This is my 599th blog post. And this is my post-birthday blog. I was born on Thanksgiving Day, November 25, 1961.
My mother was very big on telling each of my sisters and me our birth story every time our birthdays rolled around. I think each time she told the story of my birth, it became more colorful. I am told this skill of increased dramatization is called Literary License. My mother paid a high price for that license and she, the author of both me and my birth story, deserved every embellishment she thought up.
When mom was pregnant with me, she craved watermelon. She was a newly arrived immigrant in America. She and the family happened to settle in the Midwest, in Gary, Indiana, to be exact, and she couldn’t get over how delicious and refreshing the watermelon tasted! In fact, she couldn’t get enough of it. On some summer days, watermelon was the only thing she wanted to eat. Watermelon made her happy. In the days before air conditioning, watermelon from the ice box cooled my pregnant mother on hot humid Indiana summer days.
After work, my dad often stopped by the numerous farmer roadside stands to buy a great big watermelon to bring home to mom. This went on regularly during the summer months. On the days he came home with a big fat watermelon, he was a star, a hero bigger than the mythological heroes we read about. If he went to enough farmer roadside stands, he could find watermelon throughout the month of September. But come October, Ma’s cravings could not be met as easily. This was not good because, according to Sicilian old wives’ tales, pregnant women’s cravings must be met! It was bad to deny cravings. In fact, the child whose mother’s cravings are denied will come out always wanting this and that, never satisfied with life because basic cravings during pregnancy were not met! Ugh. In 1961, it was rare to have watermelon trucked in from California. Fruits were eaten in season. No one would dream of eating a strawberry at Christmas time, let alone a watermelon in late November! Sadly, my mother went without watermelon in the later stages, the last two months, of her pregnancy with me.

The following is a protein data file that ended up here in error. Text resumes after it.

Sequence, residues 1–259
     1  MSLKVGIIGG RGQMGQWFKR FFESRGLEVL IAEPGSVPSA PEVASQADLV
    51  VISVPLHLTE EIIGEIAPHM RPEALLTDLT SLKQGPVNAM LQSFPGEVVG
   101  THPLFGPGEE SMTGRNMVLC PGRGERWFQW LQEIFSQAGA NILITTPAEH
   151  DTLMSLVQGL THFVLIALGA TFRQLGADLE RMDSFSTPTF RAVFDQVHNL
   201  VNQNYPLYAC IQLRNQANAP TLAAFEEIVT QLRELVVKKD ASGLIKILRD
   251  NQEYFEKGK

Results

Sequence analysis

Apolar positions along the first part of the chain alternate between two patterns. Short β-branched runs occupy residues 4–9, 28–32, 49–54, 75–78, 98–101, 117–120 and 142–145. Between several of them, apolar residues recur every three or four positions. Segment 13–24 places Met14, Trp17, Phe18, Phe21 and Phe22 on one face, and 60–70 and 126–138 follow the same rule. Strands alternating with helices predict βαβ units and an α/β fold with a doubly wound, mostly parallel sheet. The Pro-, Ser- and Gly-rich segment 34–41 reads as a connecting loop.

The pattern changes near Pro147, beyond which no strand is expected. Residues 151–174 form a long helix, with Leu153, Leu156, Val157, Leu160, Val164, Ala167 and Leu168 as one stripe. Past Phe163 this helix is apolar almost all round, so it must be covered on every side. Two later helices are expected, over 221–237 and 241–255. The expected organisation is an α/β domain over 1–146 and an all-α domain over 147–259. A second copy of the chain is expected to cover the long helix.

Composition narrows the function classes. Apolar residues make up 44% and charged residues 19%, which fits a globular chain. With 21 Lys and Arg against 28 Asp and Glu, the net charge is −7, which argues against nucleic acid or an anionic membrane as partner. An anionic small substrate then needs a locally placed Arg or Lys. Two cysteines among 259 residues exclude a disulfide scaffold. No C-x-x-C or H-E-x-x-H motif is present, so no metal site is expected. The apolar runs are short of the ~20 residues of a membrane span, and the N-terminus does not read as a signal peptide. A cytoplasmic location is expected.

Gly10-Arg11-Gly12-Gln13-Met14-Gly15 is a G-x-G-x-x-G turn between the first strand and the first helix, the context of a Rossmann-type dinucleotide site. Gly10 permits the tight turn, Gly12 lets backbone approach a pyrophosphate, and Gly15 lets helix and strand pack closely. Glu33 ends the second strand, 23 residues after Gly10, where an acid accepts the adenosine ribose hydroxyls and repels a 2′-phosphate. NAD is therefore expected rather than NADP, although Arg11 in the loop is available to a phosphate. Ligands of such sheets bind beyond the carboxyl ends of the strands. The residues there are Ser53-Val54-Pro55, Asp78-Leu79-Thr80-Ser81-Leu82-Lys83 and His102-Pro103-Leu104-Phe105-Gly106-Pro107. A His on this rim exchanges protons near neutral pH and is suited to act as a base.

I was my mother’s sixth birth. Her first child was a boy. I never met him because he died shortly after birth. He was named after my paternal grandfather, Giovanni. After my brother died and before I was born, my mom gave birth to four more children, all girls: Onofria (Nora), Antonia (Toni), Giovanna (Jeanie), and Vincenza (Zina) My mother said her pregnancy with me felt different. She was convinced I would be a little boy, the longed-for replacement for the boy she lost 13 years earlier.
On the day of my birth, mom got up, waited for her sister-in-law, my Aunt Lily, to show up so they could prepare the turkey dinner together. Aunt Lily had been in the states since 1949, so she taught my mom how to stuff the turkey and do up all the trimmings for the feast. After putting the turkey in the oven, my mom calmly told my dad she was ready to go to the hospital to have the baby. Off to St. Mary’s Mercy Hospital they went (which is, coincidentally the same hospital where Michael Jackson was born three years earlier in 1958 and which is sadly an old abandoned building these days, complete with lights that still work).
My four sisters, Aunt Lily, and Uncle Sam were just sitting down to enjoy the Thanksgiving meal when my dad telephoned to announce my birth, the first American born to the family, the fifth daughter, whose mother was denied watermelon for the last two months of her pregnancy with me! My sisters told me how they danced around the table because they were so excited to have another sister.
I’m sure that if my sisters read this story they will have more embellishments, adding more dimension to my story.
Rick and I were in La Push, Washington, for my birthday and Thanksgiving day this year. Below are some photos from that lovely place. I believe it is one of the most beautiful beaches on the continental USA. Rick’s long-lived eccentric Grandma Glenda loved La Push and made her annual trek there, pulling an 18-foot silver Air Stream Trailer behind a canary-yellow Karmann Ghia. There she beachcombed and enjoyed talking to members of the Quileute Nation. She made this trip until she was well into her 90s! We stayed at the same place she stayed at year after year, the Quileute River Resort, and we love it there. It is a great place to celebrate one’s birthday!